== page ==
Author Archives: Brock Hankins

Ellen English, “Camels Agree with Your Throat” and Other Lies: Why Graphic Warnings are Necessary to Prevent Consumer Deception

The government’s latest attempt to protect consumers from the perils of tobacco use is in jeopardy. In 2009, Congress enacted the Family Smoking Prevention and Tobacco Control Act, which requires cigarette advertisements and packages to bear nine new textual health warnings and gives the … Continue reading

Posted in Administrative Law, Constitutional Law, First Amendment, Governments and Legislation | Comments Off

Robert J. Pushaw, Jr., The Paradox of the Obamacare Decision: How Can the Federal Government have Limited Unlimited Power?

National Federation of Independent Business v. Sebelius, the Supreme Court’s decision upholding the landmark Patient Protection and Affordable Care Act (ACA or “Obamacare”), sets forth the most important judicial examination of constitutional power since the New Deal era. The political and media frenzy over … Continue reading

Posted in Administrative Law, Governments and Legislation, Healthcare Law | Comments Off

Katrina M. Wyman & Nicholas R. Williams, Migrating Boundaries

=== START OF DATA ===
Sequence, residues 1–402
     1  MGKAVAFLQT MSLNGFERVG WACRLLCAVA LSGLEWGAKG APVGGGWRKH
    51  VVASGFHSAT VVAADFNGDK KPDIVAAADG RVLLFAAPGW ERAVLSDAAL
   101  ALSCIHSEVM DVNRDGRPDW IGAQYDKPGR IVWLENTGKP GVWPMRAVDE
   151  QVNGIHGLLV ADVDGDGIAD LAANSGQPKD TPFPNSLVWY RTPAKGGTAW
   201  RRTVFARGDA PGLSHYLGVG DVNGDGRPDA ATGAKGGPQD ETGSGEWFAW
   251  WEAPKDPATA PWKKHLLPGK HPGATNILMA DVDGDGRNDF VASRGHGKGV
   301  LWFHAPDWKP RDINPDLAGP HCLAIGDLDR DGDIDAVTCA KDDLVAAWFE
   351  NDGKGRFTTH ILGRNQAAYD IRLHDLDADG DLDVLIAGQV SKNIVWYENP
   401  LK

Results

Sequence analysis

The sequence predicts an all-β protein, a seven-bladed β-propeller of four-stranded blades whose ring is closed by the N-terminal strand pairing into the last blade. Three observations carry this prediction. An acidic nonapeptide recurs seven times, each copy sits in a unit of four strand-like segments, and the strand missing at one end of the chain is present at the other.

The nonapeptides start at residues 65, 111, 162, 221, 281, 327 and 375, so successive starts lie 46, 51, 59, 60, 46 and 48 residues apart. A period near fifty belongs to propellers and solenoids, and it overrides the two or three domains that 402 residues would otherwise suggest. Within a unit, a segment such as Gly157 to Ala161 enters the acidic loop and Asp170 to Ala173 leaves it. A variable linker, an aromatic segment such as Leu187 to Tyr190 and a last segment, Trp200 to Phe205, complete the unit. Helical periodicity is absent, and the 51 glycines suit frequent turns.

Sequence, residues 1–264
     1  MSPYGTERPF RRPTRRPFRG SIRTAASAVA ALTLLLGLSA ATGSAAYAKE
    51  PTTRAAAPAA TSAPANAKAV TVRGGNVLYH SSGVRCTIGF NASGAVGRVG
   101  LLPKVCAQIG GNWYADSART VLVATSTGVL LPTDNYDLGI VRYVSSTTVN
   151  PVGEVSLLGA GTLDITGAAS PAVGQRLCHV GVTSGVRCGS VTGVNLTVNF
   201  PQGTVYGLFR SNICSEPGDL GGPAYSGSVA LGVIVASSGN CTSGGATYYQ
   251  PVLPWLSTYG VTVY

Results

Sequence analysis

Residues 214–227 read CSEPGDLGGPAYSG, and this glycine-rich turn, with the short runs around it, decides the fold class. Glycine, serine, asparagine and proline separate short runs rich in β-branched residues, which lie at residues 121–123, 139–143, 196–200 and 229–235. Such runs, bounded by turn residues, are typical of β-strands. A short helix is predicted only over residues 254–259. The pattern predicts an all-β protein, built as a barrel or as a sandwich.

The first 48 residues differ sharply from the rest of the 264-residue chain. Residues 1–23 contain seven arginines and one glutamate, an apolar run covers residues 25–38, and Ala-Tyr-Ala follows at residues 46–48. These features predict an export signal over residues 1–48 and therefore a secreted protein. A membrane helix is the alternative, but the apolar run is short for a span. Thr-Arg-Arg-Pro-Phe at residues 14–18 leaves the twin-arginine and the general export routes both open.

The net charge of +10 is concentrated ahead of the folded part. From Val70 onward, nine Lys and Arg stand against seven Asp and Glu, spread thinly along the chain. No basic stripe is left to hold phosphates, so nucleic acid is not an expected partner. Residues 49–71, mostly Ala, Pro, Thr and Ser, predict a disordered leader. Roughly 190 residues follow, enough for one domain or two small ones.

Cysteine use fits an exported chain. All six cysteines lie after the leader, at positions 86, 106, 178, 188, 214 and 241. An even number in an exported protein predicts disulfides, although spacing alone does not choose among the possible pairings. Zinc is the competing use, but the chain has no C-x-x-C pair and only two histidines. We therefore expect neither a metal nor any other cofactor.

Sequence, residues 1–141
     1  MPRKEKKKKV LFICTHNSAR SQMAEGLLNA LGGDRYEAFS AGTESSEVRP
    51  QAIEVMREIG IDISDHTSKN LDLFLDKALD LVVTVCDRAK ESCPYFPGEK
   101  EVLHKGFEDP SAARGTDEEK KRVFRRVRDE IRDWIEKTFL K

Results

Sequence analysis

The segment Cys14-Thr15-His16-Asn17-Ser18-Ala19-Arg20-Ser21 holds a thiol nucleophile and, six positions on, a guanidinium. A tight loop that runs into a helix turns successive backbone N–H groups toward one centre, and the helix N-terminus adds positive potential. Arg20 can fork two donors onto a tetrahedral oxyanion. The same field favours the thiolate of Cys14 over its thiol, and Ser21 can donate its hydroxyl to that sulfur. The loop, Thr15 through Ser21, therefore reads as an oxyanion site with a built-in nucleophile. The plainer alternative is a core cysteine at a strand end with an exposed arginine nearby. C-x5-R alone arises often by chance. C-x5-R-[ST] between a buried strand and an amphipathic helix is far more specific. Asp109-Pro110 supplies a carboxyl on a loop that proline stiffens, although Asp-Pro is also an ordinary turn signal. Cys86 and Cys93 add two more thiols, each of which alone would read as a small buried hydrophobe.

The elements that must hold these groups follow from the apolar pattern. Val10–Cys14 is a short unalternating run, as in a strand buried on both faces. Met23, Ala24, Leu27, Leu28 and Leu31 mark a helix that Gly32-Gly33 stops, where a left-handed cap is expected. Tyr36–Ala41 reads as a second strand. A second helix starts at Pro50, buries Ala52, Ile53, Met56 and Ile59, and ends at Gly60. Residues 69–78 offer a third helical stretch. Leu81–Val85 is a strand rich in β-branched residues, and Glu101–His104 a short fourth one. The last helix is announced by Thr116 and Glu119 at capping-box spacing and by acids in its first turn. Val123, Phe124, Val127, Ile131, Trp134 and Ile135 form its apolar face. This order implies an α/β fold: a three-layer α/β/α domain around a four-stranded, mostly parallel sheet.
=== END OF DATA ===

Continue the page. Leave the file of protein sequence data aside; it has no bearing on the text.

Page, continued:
The boundaries between land parcels usually are assumed to be static and unchanging. However, not all land borders are stable. An important land boundary that routinely ambulates is the border between what is publicly and privately owned along U.S. coastal shores. This coastal boundary … Continue reading

Posted in Economics, Property Law, Water Law | Comments Off

Amy E. Pope, Lawlessness Breeds Lawlessness: A Case for Applying the Fourth Amendment to Extraterritorial Searches

It is a priority of the United States to [h]elp partner countries strengthen governance and transparency, break the corruptive power of transnational criminal networks, and sever state–crime alliances. The United States needs willing, reliable and capable partners to combat the corruption and instability generated … Continue reading

Posted in Fourth Amendment | Comments Off

Wendy Parker, Recognizing Discrimination: Lessons From White Plaintiffs

The Supreme Court has developed a robust equal protection jurisprudence to recognize the rights of whites complaining of race conscious governmental activity. This was particularly reflected in the Court’s opinion in Parents Involved, where the Roberts Court radically repositioned the meaning of Brown v. … Continue reading

Posted in Civil Procedure, Discrimination Law | Comments Off

Jennifer Lee Koh, Rethinking Removability

Removability, in the context of immigration law, refers to the government’s legal authority to seek deportation for violations of the federal immigration statute. Removability matters now more than ever before, both for individuals facing possible deportation as well as for the many governmental institutions … Continue reading

Posted in Immigration Law | Comments Off